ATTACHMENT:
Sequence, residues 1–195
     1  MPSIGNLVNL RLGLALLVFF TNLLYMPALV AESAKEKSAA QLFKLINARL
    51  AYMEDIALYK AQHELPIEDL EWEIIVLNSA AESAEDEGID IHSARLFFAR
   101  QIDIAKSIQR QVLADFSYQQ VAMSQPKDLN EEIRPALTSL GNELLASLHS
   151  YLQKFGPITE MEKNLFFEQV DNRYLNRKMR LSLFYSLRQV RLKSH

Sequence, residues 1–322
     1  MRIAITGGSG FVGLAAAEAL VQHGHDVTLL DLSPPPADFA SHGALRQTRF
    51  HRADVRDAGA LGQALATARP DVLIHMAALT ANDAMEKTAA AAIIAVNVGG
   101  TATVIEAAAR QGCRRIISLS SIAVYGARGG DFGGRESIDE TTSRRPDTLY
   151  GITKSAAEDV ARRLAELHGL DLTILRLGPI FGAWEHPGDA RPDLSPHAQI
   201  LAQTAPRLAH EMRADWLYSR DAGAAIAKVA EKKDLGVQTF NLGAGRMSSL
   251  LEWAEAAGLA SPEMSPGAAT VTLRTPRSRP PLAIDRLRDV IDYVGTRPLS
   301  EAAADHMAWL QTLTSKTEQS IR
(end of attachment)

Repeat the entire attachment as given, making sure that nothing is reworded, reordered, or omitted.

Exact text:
Sequence, residues 1–195
     1  MPSIGNLVNL RLGLALLVFF TNLLYMPALV AESAKEKSAA QLFKLINARL
    51  AYMEDIALYK AQHELPIEDL EWEIIVLNSA AESAEDEGID IHSARLFFAR
   101  QIDIAKSIQR QVLADFSYQQ VAMSQPKDLN EEIRPALTSL GNELLASLHS
   151  YLQKFGPITE MEKNLFFEQV DNRYLNRKMR LSLFYSLRQV RLKSH

Sequence, residues 1–322
     1  MRIAITGGSG FVGLAAAEAL VQHGHDVTLL DLSPPPADFA SHGALRQTRF
    51  HRADVRDAGA LGQALATARP DVLIHMAALT ANDAMEKTAA AAIIAVNVGG
   101  TATVIEAAAR QGCRRIISLS SIAVYGARGG DFGGRESIDE TTSRRPDTLY
   151  GITKSAAEDV ARRLAELHGL DLTILRLGPI FGAWEHPGDA RPDLSPHAQI
   201  LAQTAPRLAH EMRADWLYSR DAGAAIAKVA EKKDLGVQTF NLGAGRMSSL
   251  LEWAEAAGLA SPEMSPGAAT VTLRTPRSRP PLAIDRLRDV IDYVGTRPLS
   301  EAAADHMAWL QTLTSKTEQS IR